Steel Frame modification – frame builder advice?
As far as I am aware it’s platinum OX tubing throughout. Up until very recently 853 stays were not widely available but true temper have always had them as an option.
I know steel frames are re-weldable and repairable but its a very light frame 4lb frame.
Oh. It’s a hand made Chromag frame for reference.Posted 4 years ago
I know there are a few frame builders on here.
I have a steel mtb frame which is made of high end true temper platinum ox tubing (like 853). I would to have the chain and seat stay bridges removed and either :
– new ones installed closer to bb shell/further up the seat stays
– or replaced with a nice flat plate on both chain and seat stays, shaped to bb chain stay junction.
Either way it will enable more tyre clearance on the frame.
Spoken to a few roadie frame builders and they don’t seem to know much about the true temper tubing and only give me patchy info.
Is it possible and how much would this type of minor work cost?
Can anybody help?Posted 4 years ago
How are the bridges attached? If they’re TIGed, then they have to be carefully cut off and the welds filed back, which is always a pain on thin tubing. If they’re brazed it’s generally easier.
Is the bridge clearance the only problem? the spacing between the stays is okay?Posted 4 years ago
If its got discs all these bridges do is hold mudguards. If you dont need them to hold mudguards then cut, file and be happy.
you could get away without a chainstay bridge but you’ll need a seatstay bridge.
If it’s a decent frame it’ll probably be fine but there’s a chance that the welds could be undercut in which case cutting out the old bridges isn’t going to be a great plan.
When I used to do this sort of stuff I’d charge a minimum of £50. Not including paint obviously.Posted 4 years ago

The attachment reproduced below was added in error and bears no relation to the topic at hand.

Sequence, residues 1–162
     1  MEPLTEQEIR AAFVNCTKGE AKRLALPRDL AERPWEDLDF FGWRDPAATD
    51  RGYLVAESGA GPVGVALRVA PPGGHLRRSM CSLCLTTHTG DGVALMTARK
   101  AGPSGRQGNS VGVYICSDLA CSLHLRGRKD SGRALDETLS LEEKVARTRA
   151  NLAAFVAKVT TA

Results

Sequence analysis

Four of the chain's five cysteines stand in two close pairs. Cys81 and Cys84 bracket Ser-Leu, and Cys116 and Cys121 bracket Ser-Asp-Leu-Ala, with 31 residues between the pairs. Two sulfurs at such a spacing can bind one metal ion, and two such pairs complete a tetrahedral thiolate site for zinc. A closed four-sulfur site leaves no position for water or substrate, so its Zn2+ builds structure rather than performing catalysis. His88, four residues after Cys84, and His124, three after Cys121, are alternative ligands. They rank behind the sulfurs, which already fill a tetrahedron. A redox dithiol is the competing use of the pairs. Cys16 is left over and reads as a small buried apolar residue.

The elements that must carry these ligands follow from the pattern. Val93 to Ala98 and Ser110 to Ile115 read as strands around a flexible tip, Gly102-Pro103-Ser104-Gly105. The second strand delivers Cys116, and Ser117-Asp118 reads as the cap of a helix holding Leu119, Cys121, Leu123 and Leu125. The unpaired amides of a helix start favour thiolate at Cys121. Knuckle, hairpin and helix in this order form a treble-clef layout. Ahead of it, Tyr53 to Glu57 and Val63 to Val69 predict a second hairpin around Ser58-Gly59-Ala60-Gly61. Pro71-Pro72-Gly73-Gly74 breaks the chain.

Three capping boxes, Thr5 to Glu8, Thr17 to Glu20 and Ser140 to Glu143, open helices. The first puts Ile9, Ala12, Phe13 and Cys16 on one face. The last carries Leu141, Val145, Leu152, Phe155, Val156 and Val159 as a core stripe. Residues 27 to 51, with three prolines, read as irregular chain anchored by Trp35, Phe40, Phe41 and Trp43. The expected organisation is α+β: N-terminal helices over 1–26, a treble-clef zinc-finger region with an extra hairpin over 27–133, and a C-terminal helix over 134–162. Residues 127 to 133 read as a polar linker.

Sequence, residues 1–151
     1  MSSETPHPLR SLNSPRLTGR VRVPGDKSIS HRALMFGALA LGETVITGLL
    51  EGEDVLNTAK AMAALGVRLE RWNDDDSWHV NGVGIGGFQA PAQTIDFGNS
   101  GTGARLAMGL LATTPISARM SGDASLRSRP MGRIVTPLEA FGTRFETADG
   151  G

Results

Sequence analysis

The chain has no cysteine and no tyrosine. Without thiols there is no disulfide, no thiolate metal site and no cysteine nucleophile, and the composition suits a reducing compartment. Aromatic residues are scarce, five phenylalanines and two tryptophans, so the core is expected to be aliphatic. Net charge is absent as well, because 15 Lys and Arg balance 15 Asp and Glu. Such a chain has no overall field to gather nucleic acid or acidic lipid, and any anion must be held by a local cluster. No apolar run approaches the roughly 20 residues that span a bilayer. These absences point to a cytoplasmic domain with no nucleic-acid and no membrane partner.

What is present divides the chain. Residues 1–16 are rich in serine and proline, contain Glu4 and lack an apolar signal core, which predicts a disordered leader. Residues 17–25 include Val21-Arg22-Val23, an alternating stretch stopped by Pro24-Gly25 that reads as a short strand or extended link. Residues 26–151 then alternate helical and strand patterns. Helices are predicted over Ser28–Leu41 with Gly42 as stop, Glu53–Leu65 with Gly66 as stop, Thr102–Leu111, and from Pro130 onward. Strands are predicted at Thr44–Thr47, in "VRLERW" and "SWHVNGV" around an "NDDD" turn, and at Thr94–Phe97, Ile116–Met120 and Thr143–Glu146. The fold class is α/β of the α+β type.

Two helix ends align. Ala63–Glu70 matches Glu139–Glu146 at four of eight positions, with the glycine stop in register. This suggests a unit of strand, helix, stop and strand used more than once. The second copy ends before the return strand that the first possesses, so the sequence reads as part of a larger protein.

I’m not a human finite element machine but just trying to visualise the forces I can’t see what usefull function these bridges serve short of another stress raiser
Stiffens the rear triangle. Without a seatstay bridge, the rear end will flex more than will be good. It’s arguable whether a chainstay bridge is needed since the bridge is so close to the BB it’s not really shortening the effective stay by much. Seatstays are generally smaller diameter than chainstays too. For what it’s worth I always fit seatstay bridges and I’ll leave out the chainstay bridge unless there’s going to be mudguards.Posted 4 years agochiefgrooveguruMember
Interesting info from Cotic re. chainstay bridges:
“…discussions with another frame designer and further research on frame design using the FEA models shows that the worst fatigue feature on the frame is the chainstay bridge. Deleting the bridge removes this problem and massively improves mud clearance, but it it also moves the stress ‘hot spot’ to the outer edge of the chainstay/BB welds. Addition of gussets at these locations solves this, and another now classic Cotic feature is born with the bridgeless chainstay design. Enormously proud of myself for this sweet little solution, it’s only several months later that I discover Keith Bontrager had been doing the same thing on his steel frames since about 1990. A doffed hat to Mr B!”Posted 4 years ago
Shand – can I drop you a line about my frame? Or are you too busy with full builds?
Hi Rik, I’m afraid we’re running behind on our own bikes at the moment and have had to take the decision to stop all other repair/renovation/repaint work for the moment in an attempt to catch up.
Ben Cooper at Kinetics would be the guy to contact.Posted 4 years ago
I’d say in general seatstay bridges are more important than chainstay ones – the SS bridge prevents the relatively slender stays from bowing outwards. CS bridges are less about triangulation – the stays are quite beefy anyway – they’re about making the whole area more rigid. As Cy says, you can do without the bridge completely, but you need to stiffen it elsewhere, either with gussets or large fillets, or a more traditional lugged frame with a web between the stays.
I don’t think I’ve ever seen a frame fatigue at the bridge, but badly-designed bridges can collect water and rust through that way – older Bromptons were notorious for that, for instance, because the bridge had a vent hole facing the tyre.Posted 4 years ago
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